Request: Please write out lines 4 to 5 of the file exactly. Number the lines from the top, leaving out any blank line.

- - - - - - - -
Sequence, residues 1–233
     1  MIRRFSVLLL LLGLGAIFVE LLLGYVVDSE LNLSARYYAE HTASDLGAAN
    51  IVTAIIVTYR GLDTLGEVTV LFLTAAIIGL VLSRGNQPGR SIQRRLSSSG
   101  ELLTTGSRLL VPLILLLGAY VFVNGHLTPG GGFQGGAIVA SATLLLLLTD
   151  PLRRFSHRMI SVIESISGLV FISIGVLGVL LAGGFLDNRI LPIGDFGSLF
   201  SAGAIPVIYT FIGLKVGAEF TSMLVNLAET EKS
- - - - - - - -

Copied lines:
   101  ELLTTGSRLL VPLILLLGAY VFVNGHLTPG GGFQGGAIVA SATLLLLLTD
   151  PLRRFSHRMI SVIESISGLV FISIGVLGVL LAGGFLDNRI LPIGDFGSLF